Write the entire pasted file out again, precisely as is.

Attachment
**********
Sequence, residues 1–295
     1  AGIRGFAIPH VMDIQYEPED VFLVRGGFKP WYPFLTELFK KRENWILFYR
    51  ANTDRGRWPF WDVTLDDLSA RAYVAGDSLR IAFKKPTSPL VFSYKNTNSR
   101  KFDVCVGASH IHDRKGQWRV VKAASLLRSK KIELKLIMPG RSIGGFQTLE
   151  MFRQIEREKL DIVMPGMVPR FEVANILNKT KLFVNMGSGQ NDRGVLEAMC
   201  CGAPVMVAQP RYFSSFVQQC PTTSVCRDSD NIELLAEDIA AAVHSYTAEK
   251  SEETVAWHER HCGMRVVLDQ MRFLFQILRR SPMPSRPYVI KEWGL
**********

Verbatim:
Sequence, residues 1–295
     1  AGIRGFAIPH VMDIQYEPED VFLVRGGFKP WYPFLTELFK KRENWILFYR
    51  ANTDRGRWPF WDVTLDDLSA RAYVAGDSLR IAFKKPTSPL VFSYKNTNSR
   101  KFDVCVGASH IHDRKGQWRV VKAASLLRSK KIELKLIMPG RSIGGFQTLE
   151  MFRQIEREKL DIVMPGMVPR FEVANILNKT KLFVNMGSGQ NDRGVLEAMC
   201  CGAPVMVAQP RYFSSFVQQC PTTSVCRDSD NIELLAEDIA AAVHSYTAEK
   251  SEETVAWHER HCGMRVVLDQ MRFLFQILRR SPMPSRPYVI KEWGL